Motor capacitor seems to be burnt, motor does not run
170 K model, a black wire exits the motor runs through a capacitor I think, then back into motor/pump. The device says CBB20, 370 VAC, 50/60 Hz and Max Temp 90c. One end of the capacitor looks to be melted with gray colored bubbles. Why would this happen and do I just replace it with a new one?
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To eliminate the T-stat from the puzzle, just short the T-stat's two wires together. If it works then it's the T-stat. To check the motor and capacitor, remove the power. Find the common winding of the motor and place one lead of the meter on it (make sure the meter is set to ohms) RX1, place the other lead on the start winding (should be a high resistance), then move it from star to run winding (should be a lower resistance), then measure from start to run and they should add up to basically the same reading as common to run +start. Exception of the common- any Non reading between start and run is a open (broken) winding. Internal overloads are placed in the common winding and are thermal (open because of heat caused by a short), they will reset when they cool down. Also check each winding to ground (the metal housing of the motor), and this should be a very high reading indicating no circuit to ground. The capacitor can be checked by first shorting the terminals together, disconnect an attached wire and placing the leads on the terminals with the meter set at R X 10000 and the meter should rise (numbers) momentarily as the capacitor charges then decrease as it discharges = good capacitor
If you're troubleshooting HVAC electrical problems
230 volt single phase ac The Common wire or circuit on an A/C or heat pump never has a run capacitor in that line. The Run wire always has the run capacitor in that line or circuit.
115 volt ac The Run or Hot wire has the run capacitor and the neutral wire does not.
So if you are tracing wires out in a circuit, if there's a run capacitor, it's the Run wire or Run circuit. The Start wire always goes to the opposite side of the run capacitor than the Run wire and it is the only wire on that side of the capacitor. The Run wire goes to the run capacitor, then goes to contactor, compressor, start capacitor or fan, so there's usually two wires on the Run side of the capacitor.
what makes you think there a problem with the blower, Most newer blowers have multi-speeds so be careful to only have two wires hooked up at a time , always have the ground hooked up, usually the white wire and then try black for high speed, make sure fan is secure it may shift. to check low speed connect only the red wire to power and the white wire to gound . depending on motor, other colors would be medium and medium high is so equipped. if motor gets hot after a while check for a capacitor, they have a tendency to get weak, replace with exact same capacitor. let me know why you suspect the blower.
Hi, W/D here. Make the necessary sketches, showing what color wire goes to which terminal (trust me on this, it's a really good idea). I do it whenever two or more wires are involved, and I've been known to also lable terminals with the wire color with a "Sharpie". Remove the motor and start capacitor. Take both with you to your local appliance parts supply house. They will match you up with a similar motor, and match the capacitor to the new motor. Getting the exact motor you described isn't important. Getting a good quality replacement motor with your horsepower rating, shaft size and matched capacitor is. They'll have it, and the cost will be less than running one down. I installed a replacement in a furnace last week, with the motor, capacitor and a pack of crimp-on terminals (I ran out!) costing about $109.00. Your's may be less at 1/6 hp. The one I installed was 1/3 hp, replaced a GE, and works fine. Best regards, --W/D--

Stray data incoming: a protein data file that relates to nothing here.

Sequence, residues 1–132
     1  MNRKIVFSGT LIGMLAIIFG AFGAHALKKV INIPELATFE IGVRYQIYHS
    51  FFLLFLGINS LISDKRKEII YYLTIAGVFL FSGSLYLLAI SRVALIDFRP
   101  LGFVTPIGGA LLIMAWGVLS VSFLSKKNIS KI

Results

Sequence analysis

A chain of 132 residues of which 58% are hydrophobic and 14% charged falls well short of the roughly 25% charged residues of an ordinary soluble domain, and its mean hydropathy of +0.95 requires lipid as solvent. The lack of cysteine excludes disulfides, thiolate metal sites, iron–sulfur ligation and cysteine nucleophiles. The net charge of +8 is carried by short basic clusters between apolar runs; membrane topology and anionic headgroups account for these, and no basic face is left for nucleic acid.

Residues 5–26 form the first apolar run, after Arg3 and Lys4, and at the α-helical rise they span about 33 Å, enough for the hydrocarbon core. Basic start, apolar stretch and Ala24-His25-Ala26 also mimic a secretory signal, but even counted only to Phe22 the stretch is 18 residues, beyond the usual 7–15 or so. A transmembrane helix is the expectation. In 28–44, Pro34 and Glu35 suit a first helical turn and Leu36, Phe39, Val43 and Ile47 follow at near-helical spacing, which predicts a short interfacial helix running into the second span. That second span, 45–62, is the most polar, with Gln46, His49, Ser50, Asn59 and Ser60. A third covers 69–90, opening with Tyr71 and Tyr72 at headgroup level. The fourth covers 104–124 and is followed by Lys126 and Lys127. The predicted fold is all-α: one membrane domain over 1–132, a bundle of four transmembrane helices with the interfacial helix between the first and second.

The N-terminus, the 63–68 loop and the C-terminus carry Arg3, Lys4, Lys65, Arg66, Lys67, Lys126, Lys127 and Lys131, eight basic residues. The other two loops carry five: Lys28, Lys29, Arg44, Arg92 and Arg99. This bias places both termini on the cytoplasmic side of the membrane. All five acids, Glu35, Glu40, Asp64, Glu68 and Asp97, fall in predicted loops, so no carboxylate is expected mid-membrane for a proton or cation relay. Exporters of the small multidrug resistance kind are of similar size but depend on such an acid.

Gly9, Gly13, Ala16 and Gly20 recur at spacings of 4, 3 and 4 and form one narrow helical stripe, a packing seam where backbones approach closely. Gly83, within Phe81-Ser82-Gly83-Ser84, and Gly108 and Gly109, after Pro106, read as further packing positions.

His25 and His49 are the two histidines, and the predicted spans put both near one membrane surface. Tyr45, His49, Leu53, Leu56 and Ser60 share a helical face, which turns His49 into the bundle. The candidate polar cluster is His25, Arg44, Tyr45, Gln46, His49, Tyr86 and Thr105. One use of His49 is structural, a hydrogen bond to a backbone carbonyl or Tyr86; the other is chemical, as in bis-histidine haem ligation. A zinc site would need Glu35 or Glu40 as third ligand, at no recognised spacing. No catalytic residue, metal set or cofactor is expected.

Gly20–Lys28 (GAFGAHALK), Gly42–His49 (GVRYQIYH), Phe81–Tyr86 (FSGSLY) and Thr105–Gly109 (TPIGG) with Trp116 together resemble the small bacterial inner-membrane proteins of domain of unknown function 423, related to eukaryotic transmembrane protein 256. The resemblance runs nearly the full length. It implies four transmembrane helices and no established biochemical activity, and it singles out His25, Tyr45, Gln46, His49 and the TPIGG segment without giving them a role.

I think you have the motor wired wrong. If you have two brown wires they are the only wires that go on the capacitor. Black wire will be used for cool and red for heating and the white wire goes to neutral.
Have you noticed what the outdoor temperature is when this unit is tripping the breaker? Does it seem to be at a higher outdoor temperature or at all outdoor temperatures day and night?
Did they check the run capacitor to see if it's good and the proper microfarads?
Did they check to see if the breaker trips when it's starting up or after it has been running awhile.
If it's tripping on start up then it's possible the next step is the compressor replacement.
If it's tripping after running awhile then it could be dirty indoor coil or filters,blower not running at full speed,low voltage, loose wire connection, points burnt on contactor and even a weak run capacitor.
Shut the power off to the unit, spin the fan blade to see if it spins freely. If it doesn't spin freely, (there appears to be a little drag when you spin it),the bearings are bad, if it does spin freely, then try moving the motor shaft from side to side if there’s any play in the shaft side to side then the bearings are worn and motor needs replaced. Then, check the capacitor, if it’s bulging even slightly, the capacitor is bad and needs replaced. Most of the time people replace the capacitor if motor seems ok. If capacitor is ok, turn power on to see if the motor is getting the proper voltage, if it is and not trying to run, then the windings are probably open, the motor's bad and needs replaced.